Layers at Joseph Glimer Gallery

Chicago Art Magazine, Nov 26, 2009
by Martha Sarno

Dreariness silences the room with the deep browns consuming white walls. Airy atmosphere and graceful gallery assistant juxtapose themselves next to the chilling material mounted. Surprisingly still, decidedly dark, definitively desolate portraits stand among dispersed domestic scenes of tables and chairs, all the work of Mira Hermoni-Levine.

Unconventionally heavy and impressively hushed, a set of painted girls individually locked in their canvases. They each peer each other, nearly mirroring one another. A fragile girl of only six years to the next, lost in her secrets and thoughts of angst, summarized by each discomforting stance.

Mira Hermoni-Levine

The Girl with Bows (2008) stands isolated, confrontationally careful. She prompts my questions of the inner workings of her mind. What does she listen to? What is she waiting for? I patiently anticipate answers, but only receive silence, solely muted innocence and loneness. Her breathtaking vulnerability accentuated by the overwhelming canvas of browns, grays, and blacks. The silence of the room significantly contrasts surprised looks of the girl. Rigid and immobile, confined in isolation, her darkened ebony eyes, faintly blurred mauve mouth further disables her ability to express her emotions.

Nostalgic bows illustrate carried burdens in tow. Mira Hermoni-Levine intimately shares in her own words, that the girl reflects a “double identity” of herself. “Mira-one” and “Mira-two…Mira-one was killed in the holocaust…Mira-two was the replacement child” ready to begin new life in Israel. With most of her family brutally murdered in the Holocaust, she was left uncover answers.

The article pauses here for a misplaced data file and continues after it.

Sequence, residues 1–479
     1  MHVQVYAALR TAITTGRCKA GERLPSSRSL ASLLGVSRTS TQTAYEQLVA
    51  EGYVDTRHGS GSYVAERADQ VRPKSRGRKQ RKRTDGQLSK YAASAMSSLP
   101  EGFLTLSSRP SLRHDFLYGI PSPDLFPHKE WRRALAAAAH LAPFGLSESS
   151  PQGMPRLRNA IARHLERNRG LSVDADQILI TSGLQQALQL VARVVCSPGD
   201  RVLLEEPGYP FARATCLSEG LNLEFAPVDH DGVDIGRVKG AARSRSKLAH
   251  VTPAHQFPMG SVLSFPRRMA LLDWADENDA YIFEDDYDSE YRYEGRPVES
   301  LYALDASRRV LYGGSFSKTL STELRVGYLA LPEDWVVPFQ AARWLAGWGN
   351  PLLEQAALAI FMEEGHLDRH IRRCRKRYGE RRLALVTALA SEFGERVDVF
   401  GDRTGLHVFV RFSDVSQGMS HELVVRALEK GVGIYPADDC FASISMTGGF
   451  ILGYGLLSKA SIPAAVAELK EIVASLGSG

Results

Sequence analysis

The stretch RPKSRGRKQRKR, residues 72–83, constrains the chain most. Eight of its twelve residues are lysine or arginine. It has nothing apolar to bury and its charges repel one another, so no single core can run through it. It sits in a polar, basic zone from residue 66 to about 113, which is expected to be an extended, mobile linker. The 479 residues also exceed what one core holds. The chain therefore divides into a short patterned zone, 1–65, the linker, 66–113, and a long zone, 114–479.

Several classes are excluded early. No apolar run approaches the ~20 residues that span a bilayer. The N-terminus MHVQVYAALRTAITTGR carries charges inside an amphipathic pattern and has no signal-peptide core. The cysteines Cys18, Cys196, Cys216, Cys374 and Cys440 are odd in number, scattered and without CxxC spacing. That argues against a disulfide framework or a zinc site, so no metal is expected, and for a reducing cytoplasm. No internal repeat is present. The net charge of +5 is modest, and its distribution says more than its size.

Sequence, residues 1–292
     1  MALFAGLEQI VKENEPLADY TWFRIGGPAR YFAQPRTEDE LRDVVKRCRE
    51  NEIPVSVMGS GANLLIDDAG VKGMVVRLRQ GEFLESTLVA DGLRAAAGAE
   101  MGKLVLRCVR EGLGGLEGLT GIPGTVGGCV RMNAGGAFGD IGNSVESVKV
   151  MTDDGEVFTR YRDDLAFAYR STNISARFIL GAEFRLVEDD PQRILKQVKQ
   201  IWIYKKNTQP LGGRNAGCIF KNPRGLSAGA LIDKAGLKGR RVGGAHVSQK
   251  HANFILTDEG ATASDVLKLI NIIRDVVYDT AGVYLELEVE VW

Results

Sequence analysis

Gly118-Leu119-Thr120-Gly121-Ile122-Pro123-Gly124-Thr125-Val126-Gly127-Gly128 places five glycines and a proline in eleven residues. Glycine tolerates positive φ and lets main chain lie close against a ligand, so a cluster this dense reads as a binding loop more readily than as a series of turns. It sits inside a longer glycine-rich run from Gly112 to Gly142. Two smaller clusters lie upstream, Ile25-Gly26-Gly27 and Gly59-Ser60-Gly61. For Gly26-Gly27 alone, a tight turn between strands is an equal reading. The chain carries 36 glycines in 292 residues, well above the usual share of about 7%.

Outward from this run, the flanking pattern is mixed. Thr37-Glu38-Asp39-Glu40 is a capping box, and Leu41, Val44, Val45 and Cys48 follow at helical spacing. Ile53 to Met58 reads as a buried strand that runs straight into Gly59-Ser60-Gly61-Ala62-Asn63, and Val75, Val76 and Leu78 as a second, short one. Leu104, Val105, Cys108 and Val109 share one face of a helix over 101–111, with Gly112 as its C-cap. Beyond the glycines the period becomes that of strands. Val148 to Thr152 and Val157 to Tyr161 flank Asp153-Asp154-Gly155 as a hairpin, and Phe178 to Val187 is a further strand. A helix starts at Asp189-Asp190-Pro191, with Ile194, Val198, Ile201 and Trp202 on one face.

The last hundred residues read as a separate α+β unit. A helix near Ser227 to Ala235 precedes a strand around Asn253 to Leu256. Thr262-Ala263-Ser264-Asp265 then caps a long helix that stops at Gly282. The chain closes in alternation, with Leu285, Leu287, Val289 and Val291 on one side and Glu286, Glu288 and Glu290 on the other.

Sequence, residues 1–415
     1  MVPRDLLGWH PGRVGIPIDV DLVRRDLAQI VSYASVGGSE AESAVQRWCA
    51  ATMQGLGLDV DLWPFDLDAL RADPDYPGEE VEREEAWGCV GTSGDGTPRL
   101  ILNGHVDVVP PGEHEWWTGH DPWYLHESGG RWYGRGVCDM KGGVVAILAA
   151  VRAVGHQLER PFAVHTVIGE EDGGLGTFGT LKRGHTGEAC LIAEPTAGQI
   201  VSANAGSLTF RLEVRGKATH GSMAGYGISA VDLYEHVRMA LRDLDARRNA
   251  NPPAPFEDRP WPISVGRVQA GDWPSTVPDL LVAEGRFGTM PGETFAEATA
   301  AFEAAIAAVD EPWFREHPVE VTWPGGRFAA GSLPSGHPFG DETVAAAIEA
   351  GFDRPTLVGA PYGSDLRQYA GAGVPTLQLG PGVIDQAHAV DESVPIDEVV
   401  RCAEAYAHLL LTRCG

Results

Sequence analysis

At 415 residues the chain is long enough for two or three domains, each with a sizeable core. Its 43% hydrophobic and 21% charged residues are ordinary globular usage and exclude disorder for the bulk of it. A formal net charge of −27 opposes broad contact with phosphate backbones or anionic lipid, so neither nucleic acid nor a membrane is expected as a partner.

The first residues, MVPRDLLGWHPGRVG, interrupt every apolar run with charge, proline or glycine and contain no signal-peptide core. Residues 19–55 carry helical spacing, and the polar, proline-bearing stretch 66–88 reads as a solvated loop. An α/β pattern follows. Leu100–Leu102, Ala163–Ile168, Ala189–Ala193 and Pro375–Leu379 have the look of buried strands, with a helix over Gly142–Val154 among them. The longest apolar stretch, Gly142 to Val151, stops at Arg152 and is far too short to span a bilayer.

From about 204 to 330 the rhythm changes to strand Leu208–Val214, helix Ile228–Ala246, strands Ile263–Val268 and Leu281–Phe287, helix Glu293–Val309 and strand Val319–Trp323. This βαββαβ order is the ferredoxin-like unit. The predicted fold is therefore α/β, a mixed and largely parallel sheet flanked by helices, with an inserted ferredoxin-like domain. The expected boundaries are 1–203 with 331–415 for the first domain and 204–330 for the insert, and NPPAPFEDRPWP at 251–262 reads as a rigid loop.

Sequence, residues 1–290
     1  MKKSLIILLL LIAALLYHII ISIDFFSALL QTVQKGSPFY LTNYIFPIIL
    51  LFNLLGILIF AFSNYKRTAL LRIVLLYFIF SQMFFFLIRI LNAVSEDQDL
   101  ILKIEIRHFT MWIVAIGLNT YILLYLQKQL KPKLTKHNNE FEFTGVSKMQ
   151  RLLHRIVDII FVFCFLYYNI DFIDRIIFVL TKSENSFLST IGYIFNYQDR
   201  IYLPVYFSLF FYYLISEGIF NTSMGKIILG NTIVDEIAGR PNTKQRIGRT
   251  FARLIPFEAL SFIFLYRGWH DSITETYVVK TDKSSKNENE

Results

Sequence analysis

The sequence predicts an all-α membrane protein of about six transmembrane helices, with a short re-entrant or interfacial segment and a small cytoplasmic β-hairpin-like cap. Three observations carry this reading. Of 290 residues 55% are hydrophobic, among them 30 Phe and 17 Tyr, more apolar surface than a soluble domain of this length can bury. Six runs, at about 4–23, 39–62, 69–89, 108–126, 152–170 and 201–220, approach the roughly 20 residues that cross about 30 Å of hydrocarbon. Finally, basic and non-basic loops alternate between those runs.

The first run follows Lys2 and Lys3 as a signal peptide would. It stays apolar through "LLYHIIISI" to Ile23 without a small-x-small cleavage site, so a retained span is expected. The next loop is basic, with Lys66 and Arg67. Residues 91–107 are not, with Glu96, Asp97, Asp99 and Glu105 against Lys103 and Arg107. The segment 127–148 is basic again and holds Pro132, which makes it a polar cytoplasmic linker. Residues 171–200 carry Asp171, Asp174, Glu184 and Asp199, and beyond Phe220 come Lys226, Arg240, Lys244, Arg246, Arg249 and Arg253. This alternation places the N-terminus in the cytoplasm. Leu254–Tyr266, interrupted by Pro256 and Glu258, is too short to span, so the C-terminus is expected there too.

Feeling “decorated” with bows to be normal, the paint will express, wholesome and conventional dress. All this time, concealing her Diaspora heritage, the bows were among the difficult obstacles in her search for explanations.

The converted chemist gone artist abandons her exactness and precision in the laboratory, using only palette and oils as way to convert emotions into explanatory notions. Glimer’s gallery suggests that her “lifetime of emotions…cried for a creative outlet…too powerful for science, too volatile for the laboratory.”  Though her paintings are unrefined and slightly clouded, they parallel deeply and truthfully to her own life. Her tried soul reflects the worn paint found on her paintings. Uncovering layers upon layers of darkened oils, with her palette knife as her honest emotive communicator, she illustrates her smeared tears of loss.

The unquestionable silence to compress the fighting violence throughout her time, haunted by memories of her family in war, she honors death, while also coddling life. Both reflective and apprehensive, she removes layers of her pessimistic past and offers an optimistic outlook of a fulfilled future. Mira Hermoni-Levine fascinates and initiates conversation by her simplicity that evokes tremendous emotional complexity. Glimer’s gallery safely houses her intimately uncovered story, as she confesses herself entirely to those who ask.

Layers will be on view through Dec. 31st. Joseph Glimer Gallery is located at 207 W. Superior St.